Michelle Mayne-Graves

Human slavery, part of human history from the beginnings of our civilizations on earth, remains one of the worst aspects of our story on this planet.  We live with the wounds from slavery every day, particularly in the United States, where African slaves powered the plantation industries in the South before the Civil War.  These wounds heal overtime, but with scar tissue.  156 years after President Lincoln’s Emancipation Proclamation declaring the end of slavery in the South, inequality of opportunity and achievement for people from different ethnic backgrounds remains a serious problem in modern society. 

Lifeline: Music of the Underground Railroad celebrates spirituals from the Civil War era and before.  Michelle Mayne-Graves arranged these songs for her Lifeline Quartet as a tribute to Harriet Tubman and the thousands of unsung heroes who escaped slavery for Pennsylvania, Ohio and later for Canada.  Escape routes to the North were nicknamed “The Underground Railroad,” and Tubman was one of its most celebrated “conductors.”  As she is reported to have said, “I never ran my train off the track and I never lost a passenger.”  This program celebrates some of the spirituals that were adopted by the Underground Railroad and served as memory aides and morale boosters for escaping slaves. These songs were usually biblical in nature and would have been sung in church.  They would have been heard as such by slave owners.  But in addition to their religious content, these spirituals contained hidden clues, navigational instructions and are therefore known as code songs.  Harriet Tubman herself was reputed to use Wade in the Water to remind escaping slaves where they should walk in rivers and streams to avoid the scent hounds of the slave catchers.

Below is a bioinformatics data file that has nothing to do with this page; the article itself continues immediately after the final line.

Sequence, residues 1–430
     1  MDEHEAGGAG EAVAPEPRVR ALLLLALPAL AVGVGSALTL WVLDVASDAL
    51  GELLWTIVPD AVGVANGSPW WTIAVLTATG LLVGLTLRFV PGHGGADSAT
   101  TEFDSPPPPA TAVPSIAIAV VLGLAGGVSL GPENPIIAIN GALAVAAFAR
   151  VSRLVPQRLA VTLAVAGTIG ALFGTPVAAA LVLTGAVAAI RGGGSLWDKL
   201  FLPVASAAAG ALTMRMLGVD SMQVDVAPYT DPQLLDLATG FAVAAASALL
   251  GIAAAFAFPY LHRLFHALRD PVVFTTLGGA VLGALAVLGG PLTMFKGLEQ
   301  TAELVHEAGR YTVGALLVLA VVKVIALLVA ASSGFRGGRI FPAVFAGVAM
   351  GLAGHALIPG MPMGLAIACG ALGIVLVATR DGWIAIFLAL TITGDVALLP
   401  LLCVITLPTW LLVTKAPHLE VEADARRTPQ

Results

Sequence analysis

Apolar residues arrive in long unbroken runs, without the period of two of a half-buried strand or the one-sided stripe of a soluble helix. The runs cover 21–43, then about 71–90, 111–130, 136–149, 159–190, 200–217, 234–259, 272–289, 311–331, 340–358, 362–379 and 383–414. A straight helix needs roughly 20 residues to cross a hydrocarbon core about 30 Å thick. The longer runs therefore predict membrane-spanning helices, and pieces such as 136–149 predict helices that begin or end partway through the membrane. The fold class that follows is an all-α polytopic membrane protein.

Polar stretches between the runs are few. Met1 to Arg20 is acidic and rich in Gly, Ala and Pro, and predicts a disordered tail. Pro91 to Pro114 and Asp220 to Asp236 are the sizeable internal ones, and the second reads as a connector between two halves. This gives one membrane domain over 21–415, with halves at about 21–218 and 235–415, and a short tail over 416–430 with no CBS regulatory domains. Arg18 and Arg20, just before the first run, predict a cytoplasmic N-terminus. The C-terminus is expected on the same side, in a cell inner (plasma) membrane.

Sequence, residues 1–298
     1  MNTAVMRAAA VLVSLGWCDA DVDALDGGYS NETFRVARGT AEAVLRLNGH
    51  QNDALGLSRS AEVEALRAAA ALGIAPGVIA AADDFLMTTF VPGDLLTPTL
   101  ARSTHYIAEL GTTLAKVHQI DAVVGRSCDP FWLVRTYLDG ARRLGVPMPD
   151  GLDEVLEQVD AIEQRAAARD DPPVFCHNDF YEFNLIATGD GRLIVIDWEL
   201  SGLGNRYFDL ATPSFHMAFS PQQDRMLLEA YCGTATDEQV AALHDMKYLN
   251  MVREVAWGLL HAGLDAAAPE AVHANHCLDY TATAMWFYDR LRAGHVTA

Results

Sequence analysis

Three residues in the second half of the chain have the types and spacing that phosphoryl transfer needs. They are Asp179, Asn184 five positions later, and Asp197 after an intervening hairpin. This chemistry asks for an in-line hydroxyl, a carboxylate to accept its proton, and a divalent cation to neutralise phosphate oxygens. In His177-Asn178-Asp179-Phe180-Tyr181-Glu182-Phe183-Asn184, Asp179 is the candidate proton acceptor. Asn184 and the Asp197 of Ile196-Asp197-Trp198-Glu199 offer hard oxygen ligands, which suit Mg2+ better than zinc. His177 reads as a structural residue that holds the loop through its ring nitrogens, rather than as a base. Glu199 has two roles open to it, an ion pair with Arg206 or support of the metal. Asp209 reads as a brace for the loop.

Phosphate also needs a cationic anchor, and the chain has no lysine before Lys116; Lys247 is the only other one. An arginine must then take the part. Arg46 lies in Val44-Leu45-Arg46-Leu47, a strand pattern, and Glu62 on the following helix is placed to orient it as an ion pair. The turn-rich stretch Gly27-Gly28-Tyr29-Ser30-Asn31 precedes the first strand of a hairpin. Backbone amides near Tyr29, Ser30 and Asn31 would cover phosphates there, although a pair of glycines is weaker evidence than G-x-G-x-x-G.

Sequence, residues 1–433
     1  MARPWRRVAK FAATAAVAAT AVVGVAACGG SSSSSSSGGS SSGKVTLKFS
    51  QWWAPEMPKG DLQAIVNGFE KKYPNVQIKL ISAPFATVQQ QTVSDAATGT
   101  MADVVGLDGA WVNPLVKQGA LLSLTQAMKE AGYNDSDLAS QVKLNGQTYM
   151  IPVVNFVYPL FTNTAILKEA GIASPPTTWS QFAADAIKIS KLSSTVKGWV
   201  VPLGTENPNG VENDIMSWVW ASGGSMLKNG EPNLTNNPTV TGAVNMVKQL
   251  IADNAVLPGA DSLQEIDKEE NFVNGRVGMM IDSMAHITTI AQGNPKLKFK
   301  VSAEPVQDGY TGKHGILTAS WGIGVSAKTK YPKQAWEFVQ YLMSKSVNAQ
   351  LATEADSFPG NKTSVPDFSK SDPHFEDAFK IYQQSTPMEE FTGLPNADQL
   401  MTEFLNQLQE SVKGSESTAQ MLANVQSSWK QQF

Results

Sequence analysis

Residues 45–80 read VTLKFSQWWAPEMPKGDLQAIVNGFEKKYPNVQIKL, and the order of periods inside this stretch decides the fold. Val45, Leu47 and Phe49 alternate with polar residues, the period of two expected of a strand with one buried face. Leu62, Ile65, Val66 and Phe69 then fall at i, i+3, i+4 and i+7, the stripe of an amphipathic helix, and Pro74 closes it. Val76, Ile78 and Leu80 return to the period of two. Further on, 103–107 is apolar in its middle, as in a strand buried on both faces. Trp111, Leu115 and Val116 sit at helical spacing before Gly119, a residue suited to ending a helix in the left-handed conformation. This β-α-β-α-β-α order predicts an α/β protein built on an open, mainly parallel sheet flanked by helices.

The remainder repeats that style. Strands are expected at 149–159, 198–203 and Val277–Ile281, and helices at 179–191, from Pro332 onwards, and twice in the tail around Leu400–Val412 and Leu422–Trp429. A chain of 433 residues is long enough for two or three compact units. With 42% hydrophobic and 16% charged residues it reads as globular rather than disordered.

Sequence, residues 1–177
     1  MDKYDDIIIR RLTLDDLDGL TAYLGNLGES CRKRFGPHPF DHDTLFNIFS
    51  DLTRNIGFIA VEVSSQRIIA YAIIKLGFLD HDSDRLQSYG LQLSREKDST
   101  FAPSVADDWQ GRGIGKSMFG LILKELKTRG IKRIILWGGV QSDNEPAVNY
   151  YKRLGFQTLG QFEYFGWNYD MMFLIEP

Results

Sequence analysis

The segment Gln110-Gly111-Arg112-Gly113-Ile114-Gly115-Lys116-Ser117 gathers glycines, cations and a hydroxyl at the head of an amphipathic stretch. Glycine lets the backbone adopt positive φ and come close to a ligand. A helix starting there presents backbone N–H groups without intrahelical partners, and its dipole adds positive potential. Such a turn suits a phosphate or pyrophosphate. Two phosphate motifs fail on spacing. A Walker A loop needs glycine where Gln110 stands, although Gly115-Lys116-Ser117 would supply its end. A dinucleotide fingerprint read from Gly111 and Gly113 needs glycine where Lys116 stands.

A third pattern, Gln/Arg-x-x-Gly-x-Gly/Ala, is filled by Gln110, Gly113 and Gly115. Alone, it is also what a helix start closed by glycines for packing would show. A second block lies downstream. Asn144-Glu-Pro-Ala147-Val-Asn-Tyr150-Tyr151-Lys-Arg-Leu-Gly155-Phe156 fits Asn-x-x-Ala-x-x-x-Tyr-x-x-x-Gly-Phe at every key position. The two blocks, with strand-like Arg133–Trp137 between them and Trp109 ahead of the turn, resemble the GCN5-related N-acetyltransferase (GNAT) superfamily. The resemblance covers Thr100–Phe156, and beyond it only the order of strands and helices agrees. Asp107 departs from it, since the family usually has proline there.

It is Michelle’s hope that this music will help liberate all of us from whatever imprisonment in which we may find ourselves, whether physical slavery, psychological slavery or drug addiction.  We can use the power of these code songs to remind ourselves that there is a way out and there are people to help us find the path.

In addition to directing choirs, performing spirituals and helping to coordinate and lead veterans singing groups, Michelle supervises a team and works as the RN Case Manager for Housing Homeless Veterans at the Veteran’s Administration in Los Angeles.  We chose If I can Help Somebody to be our opening track.  This song not only honors Harriet Tubman, but reveals Michelle’s generous heart as well.  Michelle lives what she sings.

photo: provided by YARLUNG ARTISTS

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